Marcel Boersma (PhD candidate from KPMG and Computational Science Lab), Dr. Sumit Sourabh and Prof. Dr. Drona Kandhai of the Computational Science Lab, together with Aleksei Maliutin and Lucas Hoogduin from KPMG as industry partner, developed a novel data driven method for financial audits. This method derives primary monetary flows from the transaction data of a company that can be used by auditors in financial audits. Recently the article has been published in Nature Scientific Reports.
The importance of financial audits
Recent accounting scandals, for example the Enron (2001) scandal, Petrobras (2014) scandal and the Wirecard (2019) scandal, emphasize the consequences of untrustworthy financial information. Yet, new data driven audit methods are scarce and not yet widely applied in this industry. While these techniques make it possible to consistently and objectively analyze vast amounts of data and thereby potentially improve the audit quality. Other potential applications include fraud analytics.
Financial audit methods
Despite the growing interest in applying data driven methods in audit and the availability of large volumes of digitally recorded data, audit methods are mostly manual in nature, and developing an algorithmic equivalent proves challenging. Data used in these algorithms are recorded at the most granular level, individual transactions that pertain to the company. But auditors provide trust about aggregated representations, not individual data points. To develop data driven methods, understanding the link between the low-level recorded data and its aggregate representation is therefore essential.
We developed a method that turns low-level financial transaction data (journal entries) into a bipartite network representation (Boersma et al. 2018, Boersma et al. 2020). The network represents what flows in the financial system, e.g. Revenue value, inventory value, and why it flows, the underlying business process that drives the change, e.g. selling goods or dispatching goods.
This network enables us to capture the interconnectedness of the company’s financial system from individual data points and link this to the high-level aggregates presented in the annual reports in a data driven way.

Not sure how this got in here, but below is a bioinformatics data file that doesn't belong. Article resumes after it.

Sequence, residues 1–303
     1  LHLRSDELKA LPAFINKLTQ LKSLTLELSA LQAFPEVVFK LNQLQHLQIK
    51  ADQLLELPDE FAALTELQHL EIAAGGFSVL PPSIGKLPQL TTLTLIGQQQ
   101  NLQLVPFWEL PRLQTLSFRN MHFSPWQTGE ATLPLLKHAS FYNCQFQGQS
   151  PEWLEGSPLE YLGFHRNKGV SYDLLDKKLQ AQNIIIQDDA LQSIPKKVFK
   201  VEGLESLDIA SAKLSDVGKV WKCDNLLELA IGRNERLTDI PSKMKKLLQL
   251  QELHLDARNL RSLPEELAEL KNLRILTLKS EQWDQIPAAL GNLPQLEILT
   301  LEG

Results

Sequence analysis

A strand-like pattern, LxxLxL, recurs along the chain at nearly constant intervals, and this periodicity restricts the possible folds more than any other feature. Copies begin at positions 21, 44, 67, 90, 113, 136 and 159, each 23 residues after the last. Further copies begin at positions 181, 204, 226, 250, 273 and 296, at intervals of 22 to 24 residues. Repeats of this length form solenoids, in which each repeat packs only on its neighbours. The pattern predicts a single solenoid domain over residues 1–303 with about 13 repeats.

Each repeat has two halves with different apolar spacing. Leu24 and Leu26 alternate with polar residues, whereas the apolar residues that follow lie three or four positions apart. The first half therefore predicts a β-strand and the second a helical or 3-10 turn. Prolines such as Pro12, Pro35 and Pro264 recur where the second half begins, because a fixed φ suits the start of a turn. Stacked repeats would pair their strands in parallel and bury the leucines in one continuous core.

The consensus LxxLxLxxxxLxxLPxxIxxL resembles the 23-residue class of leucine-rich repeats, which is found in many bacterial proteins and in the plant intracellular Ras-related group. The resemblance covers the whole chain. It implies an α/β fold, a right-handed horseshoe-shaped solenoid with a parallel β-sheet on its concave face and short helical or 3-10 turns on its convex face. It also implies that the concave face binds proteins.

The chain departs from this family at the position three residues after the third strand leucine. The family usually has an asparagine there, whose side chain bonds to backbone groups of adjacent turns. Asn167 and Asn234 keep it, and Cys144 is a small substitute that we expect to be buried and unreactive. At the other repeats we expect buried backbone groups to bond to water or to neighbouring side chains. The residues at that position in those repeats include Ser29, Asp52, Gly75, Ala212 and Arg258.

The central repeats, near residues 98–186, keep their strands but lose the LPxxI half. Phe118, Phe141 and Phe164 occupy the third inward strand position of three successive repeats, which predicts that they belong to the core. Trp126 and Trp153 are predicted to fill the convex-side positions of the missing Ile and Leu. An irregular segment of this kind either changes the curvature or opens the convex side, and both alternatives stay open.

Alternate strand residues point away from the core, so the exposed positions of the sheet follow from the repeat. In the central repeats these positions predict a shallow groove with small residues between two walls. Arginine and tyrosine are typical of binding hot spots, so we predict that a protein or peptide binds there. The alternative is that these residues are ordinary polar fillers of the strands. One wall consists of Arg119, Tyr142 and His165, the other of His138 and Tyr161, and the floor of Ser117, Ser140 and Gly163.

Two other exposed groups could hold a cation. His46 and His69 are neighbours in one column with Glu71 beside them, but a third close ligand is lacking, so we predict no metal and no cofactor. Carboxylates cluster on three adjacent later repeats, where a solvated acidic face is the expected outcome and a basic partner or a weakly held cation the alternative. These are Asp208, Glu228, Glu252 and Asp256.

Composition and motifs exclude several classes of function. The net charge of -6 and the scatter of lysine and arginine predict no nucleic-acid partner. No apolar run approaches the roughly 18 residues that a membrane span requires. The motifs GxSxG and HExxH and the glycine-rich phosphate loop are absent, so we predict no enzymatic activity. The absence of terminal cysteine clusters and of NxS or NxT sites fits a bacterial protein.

In Figure 1 left, we see the detailed bipartite network extracted from transaction data and, on the right, the simplified version (obtained by grouping similar nodes together) that provides a high-level summary of the company’s monetary flows. At first, the simplified representation is obtained in a hybrid approach, where the auditor manually groups similar nodes. But, thanks to our recent contribution (Boersma et al. 2020), we can automate the simplification procedure with the use of network embeddings. Within the simplified network structure, we look for the dynamics on the process level that result in relationships between monetary flows. The relationships are used to predict monetary flows and check whether anomalies present themselves when the actual monetary flows are recorded by the company. This information is important to the auditor to determine high risk areas of an audit.
Data driven financial audits
With data driven methods, we can analyze vast amounts of data consistently and objectively. And, thereby, provide assurance to financial data in a new manner. We believe that methods, as presented by us, can pave the way towards a more data driven audit.
Boersma, M., Sourabh, S., Hoogduin, L., & Kandhai, D. (2018). Financial statement networks: an application of network theory in audit. The Journal of Network Theory in Finance, 4.
Boersma, M., et al. “Reducing the complexity of financial networks using network embeddings.” Scientific Reports 10.1 (2020): 1-15.